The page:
COVID-19 is now officially a pandemic. With the economy already in trouble, the Tories have announced in the Budget that extra funds are available after all. However, unlike the last crash, unions need to make sure the bailout isn’t just for big business but protects workers too.
Johnson claims he is being guided by health advice. But the fact that the Tories’ first plan to deal with school staff absence was to remove class size limits suggests otherwise. Their primary motivation seems to be to keep workplaces open while expecting schools to child-mind, never mind the risks to health.
Of course, schools can play an important role supporting children from vulnerable families and, for example, emergency workers, but, if schools stay open, union groups must organise to make sure health, safety and welfare is put first. That includes employing additional supply staff to cover absences and counsellors that may be needed, training staff to answer children’s concerns, and time for regular hand washing and adequate cleaning. If schools close, then demands on staff to work from home or elsewhere must also be reasonable and agreed with unions.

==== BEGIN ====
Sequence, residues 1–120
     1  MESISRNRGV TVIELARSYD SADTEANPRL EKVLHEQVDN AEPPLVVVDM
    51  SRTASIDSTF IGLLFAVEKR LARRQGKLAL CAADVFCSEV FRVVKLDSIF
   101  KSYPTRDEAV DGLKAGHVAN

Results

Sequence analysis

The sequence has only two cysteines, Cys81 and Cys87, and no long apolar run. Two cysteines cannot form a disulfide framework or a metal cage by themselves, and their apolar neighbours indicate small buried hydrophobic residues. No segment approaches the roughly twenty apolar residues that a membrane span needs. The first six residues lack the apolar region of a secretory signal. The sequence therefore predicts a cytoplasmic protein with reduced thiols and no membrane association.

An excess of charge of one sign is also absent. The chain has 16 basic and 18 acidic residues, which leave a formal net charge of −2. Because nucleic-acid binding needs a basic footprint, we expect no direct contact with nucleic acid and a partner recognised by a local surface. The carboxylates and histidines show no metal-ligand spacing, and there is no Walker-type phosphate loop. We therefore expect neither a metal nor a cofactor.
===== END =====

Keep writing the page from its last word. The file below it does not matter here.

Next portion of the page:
Unions must also urgently insist that agency staff are not left unable to pay their bills. Casualisation and privatisation of supply cover already means supply staff are inadequately paid. Closures and/or self-isolation could mean drastic income losses. Unions must demand that all staff affected by the crisis have their pay protected fully.
Councils should use their reserves and emergency powers to meet extra costs and demand the Government foots the bill.
|This article is part of the latest Socialist Party in Schools Bulletin - download a copy here|